Living with Disability Research Centre Research Seminar Series
- Wednesday 12 August 2020 03:00 pm until Wednesday 12 August 2020 05:00 pm (Add to calendar)
- Dr David Henderson
- Presented by:
- Living with Disability Research Centre
- Type of Event:
IMPORTANT: Due to the social distancing measures still in place across Victoria, this Seminar will be hosted on Zoom. To join us via Zoom, please email email@example.com requesting the Zoom link.
3:00 pm - Dr Kate D’Cruz
Lecturer, Occupational Therapy, La Trobe University
Understanding the transformative potential of sharing personal stories: A process model of narrative storytelling
This presentation will oultine the findings and practice implications of Dr D'Cruz's PhD research exploring the subjective experience of narrative storytelling for adults with acquired brain injury (ABI). This is the first study to investigate narrative storytelling for adults with ABI in an advocacy context, and from the perspective of both storytellers and facilitators. A total of 28 transcripts from in-depth interviews were analysed using constructivist grounded theory methods. Narrative storytelling was found to be a humanising experience which held meaningful occupational purpose. The storytellers experienced agency in relationship with the facilitators, while the story sharing enabled storytellers to feel heard, express emotions and reflect upon life experiences. A model of narrative storytelling, generated from the experiences of the participants, illustrates the transformative potential of story sharing, showing the dynamic and multidimensional relationships between the processes of narrative storytelling, identity construction and occupational engagement.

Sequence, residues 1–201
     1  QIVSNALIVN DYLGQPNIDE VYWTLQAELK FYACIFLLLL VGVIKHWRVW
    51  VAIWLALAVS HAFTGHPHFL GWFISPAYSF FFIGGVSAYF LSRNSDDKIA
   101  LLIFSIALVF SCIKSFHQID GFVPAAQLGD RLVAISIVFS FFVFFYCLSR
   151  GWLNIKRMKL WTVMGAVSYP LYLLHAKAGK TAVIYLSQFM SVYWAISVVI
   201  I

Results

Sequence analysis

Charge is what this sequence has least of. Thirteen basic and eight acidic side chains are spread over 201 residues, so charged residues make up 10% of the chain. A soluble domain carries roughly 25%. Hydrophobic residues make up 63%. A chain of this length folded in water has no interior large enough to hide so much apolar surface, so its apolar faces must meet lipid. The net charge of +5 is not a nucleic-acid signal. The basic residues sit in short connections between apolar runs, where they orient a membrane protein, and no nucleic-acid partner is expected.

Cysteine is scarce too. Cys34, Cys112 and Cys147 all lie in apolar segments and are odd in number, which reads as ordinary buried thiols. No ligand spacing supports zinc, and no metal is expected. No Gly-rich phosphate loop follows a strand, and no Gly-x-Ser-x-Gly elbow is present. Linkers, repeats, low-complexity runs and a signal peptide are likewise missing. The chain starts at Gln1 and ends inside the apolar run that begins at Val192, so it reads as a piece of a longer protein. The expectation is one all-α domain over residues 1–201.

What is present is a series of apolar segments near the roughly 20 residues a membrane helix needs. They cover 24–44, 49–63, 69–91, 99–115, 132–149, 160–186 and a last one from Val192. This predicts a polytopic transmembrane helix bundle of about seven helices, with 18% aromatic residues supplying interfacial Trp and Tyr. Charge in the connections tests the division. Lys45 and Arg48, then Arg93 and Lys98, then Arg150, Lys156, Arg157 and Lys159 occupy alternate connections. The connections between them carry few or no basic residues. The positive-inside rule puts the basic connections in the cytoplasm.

4:00 pm - Dr David Henderson
Research Fellow, Living with Disability Research Centre, La Trobe University
Stories from the Wild West frontier: The NDIS experiences of people with severe and profound intellectual disabilities
This presentation will explore of the NDIS experiences of two participants with severe and profound intellectual disabilities and the issues they have encountered in their dealings with the scheme since it began being implemented across Australia in 2016. It draws on in depth, life review interviews with two parents of children with severe and profound intellectual disability. One of the aims of the interviews was to facilitate participants of the study to talk, in as much detail as possible, about their own – and by extension their child’s – experiences of the NDIS, but also about the routines of their daily lives and how these have changed over time. By taking such an approach, this presentation seeks to excavate the experiences of people with severe and profound intellectual disabilities and insert them into public narratives about the NDIS. The NDIS’s commitment to providing lifelong, indivualised support to people with disabilities should be celebrated. By exploring the personal stories of two NDIS participants who have accessed and navigated the scheme, this presentation asks if it is living up to those celebrated ideals.